In the winters of the Revolutionary War, early Americans could track the movements of the Continental Army by the trail of blood the Soldiers’ chapped, uncovered feet left in the snow.
General George Washington’s urgent supply requests during the war were not for tactical material to give him the edge over the British, they were for survival: food, blankets, clothes. He once wrote that the Army was nearing the inevitable choice to dissolve, disperse, or starve.
These were the disparities of a young nation that by most measures had no business taking on the British with any expectation of winning.
The lack of resources was only exacerbated by the realities of the day. When Henry Knox was dispatched from Boston to Fort Ticonderoga to transport 59 artillery pieces – cannons of extraordinary weight and size – it took him weeks to make the arduous journey that is now less than four hours by car. Boats, sleds, carts, and teams of oxen, carried the tremendous load over unbroken ground and treacherous ice-coated rivers. When cannons fell through the ice, every effort was made to pull them from the frigid waters as each artillery piece would be vital for taking on the British.
The Continental Army was left wanting for nearly every basic need, yet they were the generation that won the independence we still celebrate. Time can lead us to forget that the technologically superior Army that protects us today is rooted in these most humble beginnings.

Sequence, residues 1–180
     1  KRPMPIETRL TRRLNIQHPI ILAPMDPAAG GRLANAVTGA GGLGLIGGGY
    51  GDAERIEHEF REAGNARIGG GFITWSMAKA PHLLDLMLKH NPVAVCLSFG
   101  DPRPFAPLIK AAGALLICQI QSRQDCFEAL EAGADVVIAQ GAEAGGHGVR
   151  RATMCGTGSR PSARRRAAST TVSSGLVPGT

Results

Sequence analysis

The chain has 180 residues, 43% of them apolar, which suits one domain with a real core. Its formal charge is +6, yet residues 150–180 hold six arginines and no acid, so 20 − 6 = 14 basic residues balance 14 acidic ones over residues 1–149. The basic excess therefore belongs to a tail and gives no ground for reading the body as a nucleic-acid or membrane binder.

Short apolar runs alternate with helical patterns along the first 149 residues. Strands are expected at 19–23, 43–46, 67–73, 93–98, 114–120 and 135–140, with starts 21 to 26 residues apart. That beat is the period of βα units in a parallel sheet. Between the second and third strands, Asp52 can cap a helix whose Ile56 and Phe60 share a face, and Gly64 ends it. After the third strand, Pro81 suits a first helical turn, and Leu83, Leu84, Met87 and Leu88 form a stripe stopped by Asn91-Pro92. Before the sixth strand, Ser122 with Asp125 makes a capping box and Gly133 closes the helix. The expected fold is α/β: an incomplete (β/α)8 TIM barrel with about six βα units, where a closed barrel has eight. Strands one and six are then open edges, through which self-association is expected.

The only thread that runs unbroken from the Army of 1775 to the Army of today is the people who wear its uniform. The American revolutionists were driven to protect not just what they had, but what could be. It takes extraordinary vision, leadership and selflessness to serve for the good of today, as well as the promise of tomorrow. Every generation of American Soldiers has embodied these traits, whether asserting our nation’s independence, arresting the influence of tyrants, or operating in a complex battleground without boundaries or frontlines.
The history of the U.S. Army tells us much about our own history. It also shows us what we are capable of as individuals and as a nation.
At SDI, I have been proud to support The Army Historical Foundation, the nonprofit leading the campaign to build the National Museum of the United States Army. This Museum will ensure Americans never forget the contributions of our nation’s oldest and largest military service, and the 30 million men and women who have called themselves an American Soldier.
The Army Historical Foundation is just one of many military clients I have been lucky to support – each with equally important missions. The contributions of our military clients are made only more meaningful as we commemorate National Military Appreciation Month.